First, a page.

I seldom know what things you want to read about, but I've had requests to follow up on some topics.  Today I'm choosing the introduction of slavery in the New World.  My earlier column on that was motivated by the Anglo assumption that slavery began in Virginia in 1619, and I pointed out that Florida (not to our credit) had slaves much earlier, in 1565.  When I began to write today, I intended to include both Jamestown and St. Augustine, but the English settlements will have to wait until next week.  There's just too much to say.


Again, things evolve.  Although Florida had slavery first, it would abolish it earlier – and much later, reestablish it.  In the 1600s, as Virginia, Carolina, and Georgia were settled by the English, blacks in Florida became free because the Spanish king declared it so.  His motivation was economic and political, not humanitarian, and based on longtime global rivalry.  Spain would benefit if slaves ran away from English colonies, and so in 1695 – 130 years after Spanish settlement of Florida – Charles II of Spain granted "liberty to all…the men as well as the women."   


Relatively few American slaves came directly from Africa; most first survived toil on plantations in the Caribbean.  Those islands were occupied in that era by French and Dutch interests, as well as British and Spanish-- and so with Americans, too, there is plenty of blame to go around.  Nor can we overlook the Africans who sold other Africans.  No white slave traders had the courage to invade that continent; instead, they stayed safely on the coasts and bought the victims of tribal wars.




Slave importation in the US largely ended in 1808 because the Constitution banned it after that date.  Yes, the Founding Fathers gave considerable thought to the issue.  And yes, many were slave-owners and none were outright abolitionists, but just as their basically liberal ideology included ending the divine right of kings, some also could envision the end of human bondage.  By setting an end-date on importation of new slaves, they helped move the future forward. 


The Constitution was written in the late 1700s, and already by then, the majority of slaves in the US were true African-Americans, meaning that they and probably their parents had been born here.  Florida was not yet part of the US, and for a couple of decades, it remained a Spanish colony with at least ostensible black liberty.  By 1819, however, Spain no longer was a world power, and the US bought the territory.  Many of those who pushed the congressional purchase saw it as a great opportunity for expansion of slavery.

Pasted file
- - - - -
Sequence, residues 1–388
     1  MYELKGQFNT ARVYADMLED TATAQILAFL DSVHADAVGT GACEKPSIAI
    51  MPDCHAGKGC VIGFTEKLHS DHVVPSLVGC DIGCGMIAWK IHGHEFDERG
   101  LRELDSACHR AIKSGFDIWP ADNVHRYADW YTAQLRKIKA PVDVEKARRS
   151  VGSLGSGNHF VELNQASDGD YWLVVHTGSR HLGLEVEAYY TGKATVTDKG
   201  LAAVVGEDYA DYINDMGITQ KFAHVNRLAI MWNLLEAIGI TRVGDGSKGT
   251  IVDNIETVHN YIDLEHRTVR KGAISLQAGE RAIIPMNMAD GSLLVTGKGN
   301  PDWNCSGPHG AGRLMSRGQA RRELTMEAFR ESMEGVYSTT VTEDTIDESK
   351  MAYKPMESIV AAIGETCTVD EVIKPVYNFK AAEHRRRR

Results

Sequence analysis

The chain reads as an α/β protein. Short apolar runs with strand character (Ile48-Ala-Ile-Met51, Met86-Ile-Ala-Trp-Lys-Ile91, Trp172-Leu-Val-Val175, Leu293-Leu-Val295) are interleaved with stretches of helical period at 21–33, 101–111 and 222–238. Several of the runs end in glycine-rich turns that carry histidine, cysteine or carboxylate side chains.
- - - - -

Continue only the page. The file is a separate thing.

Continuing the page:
When freedom ended for Florida blacks, some moved to South America, especially the British-controlled Caribbean islands.  Slavery remained legal in most of South America, but its practice there always had been more benign than in North America.  This largely was because the Spanish who dominated the Southern hemisphere were likely to be soldiers and adventurers, and they had no sexual choice other than non-white women.  This was a very different pattern from Englishmen in North America, who were much more likely to come with their wives and children.


Beyond that factor, the Catholic Church helped make slavery less cruel in South America, as priests in its theocratic governments could impose humane dictates in a way that could not be done in North America.  Indeed, Queen Isabella insisted on decent treatment of slaves when she endowed the first expedition in 1492.  She was thinking of natives, not Africans, but it was the same pattern with slaves who had been won in war.  Because of her relative liberalism, in most times and places in South America, the enslaved could earn their freedom:  their working hours were limited by law, and they were at liberty to sell their free time.  Masters could not impose cruel and unusual punishments, which they certainly did in North America. 


The really significant point, though, is that Spanish men fathered children with both native women and women from Africa.  Priests baptized everyone, whether they wanted it or not, and so color lines became much more fluid than in North America. The end result is that South America, for all of its recurring political turmoil, was and is much less racist than North America.  And although people are very slow to realize this, women are key to everything.